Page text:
• 1971: First Belgian ascent of the north face by Renaat Van Malderen and Vincent de Waele.
  • 1971: Peter Siegert and Martin Biock are winched from above the Death Bivouac to a helicopter, the first such successful rescue.
  • 1974: Reinhold Messner and Peter Habeler climb the north face in 10 hours.
  • 1976: First alpine-style ascent of Eiger Direct (Harlin Route) by Alex MacIntyre (UK) and Tobin Sorenson (USA)
  • 1977: First Dutch ascent of the north face by Ronald Naar and Bas Gresnigt.
  • 1981: First British solo ascent by Eric Jones - Filmed by Leo Dickinson and released as "Eiger Solo"
  • 1981: 25 August: Swiss guide Ueli Bühler solos the face in 8 hours and 30 minutes.
  • 1983: First winter solo ascent of the north face direttissima by Slovak Pavel Pochylý [48306]
  • 1983: 27 July: Austrian Thomas Bubendorfer solos the face without a rope in 4 hours and 50 minutes, almost halving Bühler's time.
  • 1992: 18 July: Three BMG/UIAGM/IFMGA clients died in a fall down the West Flank: Willie Dunnachie, Edward Gaines and Phillip Davies.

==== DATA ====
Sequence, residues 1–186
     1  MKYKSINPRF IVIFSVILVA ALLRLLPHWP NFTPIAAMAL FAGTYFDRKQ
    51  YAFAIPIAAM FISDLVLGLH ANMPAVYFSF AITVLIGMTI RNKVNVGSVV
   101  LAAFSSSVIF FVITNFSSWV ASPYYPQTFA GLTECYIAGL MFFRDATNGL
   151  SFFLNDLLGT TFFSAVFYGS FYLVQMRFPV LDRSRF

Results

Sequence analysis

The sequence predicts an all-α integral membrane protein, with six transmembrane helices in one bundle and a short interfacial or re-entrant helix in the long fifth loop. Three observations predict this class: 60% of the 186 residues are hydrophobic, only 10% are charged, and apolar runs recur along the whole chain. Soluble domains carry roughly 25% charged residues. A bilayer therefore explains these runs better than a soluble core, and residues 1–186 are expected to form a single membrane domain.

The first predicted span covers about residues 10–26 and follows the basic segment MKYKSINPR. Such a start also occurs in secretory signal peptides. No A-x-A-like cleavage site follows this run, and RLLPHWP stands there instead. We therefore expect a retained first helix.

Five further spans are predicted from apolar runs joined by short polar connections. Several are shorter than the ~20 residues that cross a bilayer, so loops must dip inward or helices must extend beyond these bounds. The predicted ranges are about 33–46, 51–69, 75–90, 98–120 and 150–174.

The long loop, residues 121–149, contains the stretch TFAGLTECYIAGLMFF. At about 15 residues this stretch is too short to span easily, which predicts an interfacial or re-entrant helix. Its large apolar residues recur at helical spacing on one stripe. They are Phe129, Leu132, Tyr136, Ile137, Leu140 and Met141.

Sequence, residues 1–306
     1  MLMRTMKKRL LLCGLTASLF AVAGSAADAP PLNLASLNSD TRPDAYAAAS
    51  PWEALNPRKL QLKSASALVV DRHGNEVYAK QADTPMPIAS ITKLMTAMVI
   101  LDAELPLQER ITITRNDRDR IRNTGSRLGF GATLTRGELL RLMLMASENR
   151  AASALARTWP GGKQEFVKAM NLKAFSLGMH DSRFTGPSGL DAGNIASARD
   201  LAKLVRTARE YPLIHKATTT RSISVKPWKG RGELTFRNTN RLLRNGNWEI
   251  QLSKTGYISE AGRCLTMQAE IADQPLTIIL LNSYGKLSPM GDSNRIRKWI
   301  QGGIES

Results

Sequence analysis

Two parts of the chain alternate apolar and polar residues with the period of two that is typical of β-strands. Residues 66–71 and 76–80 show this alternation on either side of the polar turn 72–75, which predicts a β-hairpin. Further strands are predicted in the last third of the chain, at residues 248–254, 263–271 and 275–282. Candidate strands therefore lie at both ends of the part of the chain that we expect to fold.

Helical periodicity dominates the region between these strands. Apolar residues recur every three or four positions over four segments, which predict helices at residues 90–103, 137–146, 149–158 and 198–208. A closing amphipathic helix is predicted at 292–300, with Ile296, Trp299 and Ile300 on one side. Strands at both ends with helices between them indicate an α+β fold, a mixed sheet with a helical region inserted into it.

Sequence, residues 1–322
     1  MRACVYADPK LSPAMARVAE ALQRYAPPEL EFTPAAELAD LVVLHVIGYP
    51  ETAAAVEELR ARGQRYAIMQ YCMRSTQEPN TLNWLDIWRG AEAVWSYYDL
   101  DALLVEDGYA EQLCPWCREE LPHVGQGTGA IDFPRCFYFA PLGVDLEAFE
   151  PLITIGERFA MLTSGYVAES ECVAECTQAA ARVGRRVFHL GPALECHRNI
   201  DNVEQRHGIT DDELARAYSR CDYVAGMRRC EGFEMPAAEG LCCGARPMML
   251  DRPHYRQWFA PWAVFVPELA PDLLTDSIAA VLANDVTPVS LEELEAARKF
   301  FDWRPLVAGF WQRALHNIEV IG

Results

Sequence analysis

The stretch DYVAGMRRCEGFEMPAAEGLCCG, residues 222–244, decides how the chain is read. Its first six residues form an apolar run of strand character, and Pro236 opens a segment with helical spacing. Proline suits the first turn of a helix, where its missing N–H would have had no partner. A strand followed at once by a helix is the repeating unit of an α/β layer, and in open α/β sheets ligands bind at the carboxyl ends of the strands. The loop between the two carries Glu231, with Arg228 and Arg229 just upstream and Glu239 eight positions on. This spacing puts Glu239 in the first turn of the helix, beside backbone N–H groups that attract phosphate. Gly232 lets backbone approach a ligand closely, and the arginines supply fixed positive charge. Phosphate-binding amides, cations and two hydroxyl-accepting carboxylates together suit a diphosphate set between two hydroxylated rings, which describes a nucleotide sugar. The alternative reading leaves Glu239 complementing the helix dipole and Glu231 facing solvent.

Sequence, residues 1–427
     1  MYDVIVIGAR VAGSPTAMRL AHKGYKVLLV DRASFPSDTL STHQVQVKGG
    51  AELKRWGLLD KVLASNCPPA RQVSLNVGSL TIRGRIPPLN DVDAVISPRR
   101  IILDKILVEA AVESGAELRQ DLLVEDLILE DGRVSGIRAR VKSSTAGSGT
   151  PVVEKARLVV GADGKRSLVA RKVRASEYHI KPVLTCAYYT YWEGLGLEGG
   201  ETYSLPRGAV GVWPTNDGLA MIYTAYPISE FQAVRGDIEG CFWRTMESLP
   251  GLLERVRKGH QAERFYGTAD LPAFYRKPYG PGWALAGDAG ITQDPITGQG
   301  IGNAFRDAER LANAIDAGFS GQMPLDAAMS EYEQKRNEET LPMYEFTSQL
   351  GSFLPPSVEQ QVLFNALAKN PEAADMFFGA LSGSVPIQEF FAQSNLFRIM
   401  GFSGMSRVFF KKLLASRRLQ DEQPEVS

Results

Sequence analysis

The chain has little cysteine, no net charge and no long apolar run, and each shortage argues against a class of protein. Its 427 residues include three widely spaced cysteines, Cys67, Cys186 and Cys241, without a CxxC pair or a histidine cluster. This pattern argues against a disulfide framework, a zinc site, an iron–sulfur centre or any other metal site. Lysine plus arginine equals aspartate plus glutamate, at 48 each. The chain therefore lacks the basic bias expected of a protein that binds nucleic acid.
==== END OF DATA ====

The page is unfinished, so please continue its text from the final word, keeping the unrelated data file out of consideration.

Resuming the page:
• 1997: Benedetto Salaroli aged 72, became the oldest man to climb to the North face. he climbed the face in a single day with guides, Ueli Buhler and Kobi Reichen
  • 2003: 24 March: Italian Christoph Hainz breaks Bubendorfer's record by ten minutes, climbing the face in 4 hours and 40 minutes.
  • 2006: 15 July: Approximately 20 million cubic feet (700,000 cubic metres) of rock from the east side collapses. No injuries or damage are reported.
  • 2006: 14 June: François Bon and Antoine Montant make the first speedflying descent of the Eiger.
  • 2007: On the 9th April, Christophe Profit, the famous French mountain guide, guided the North face for the tenth time.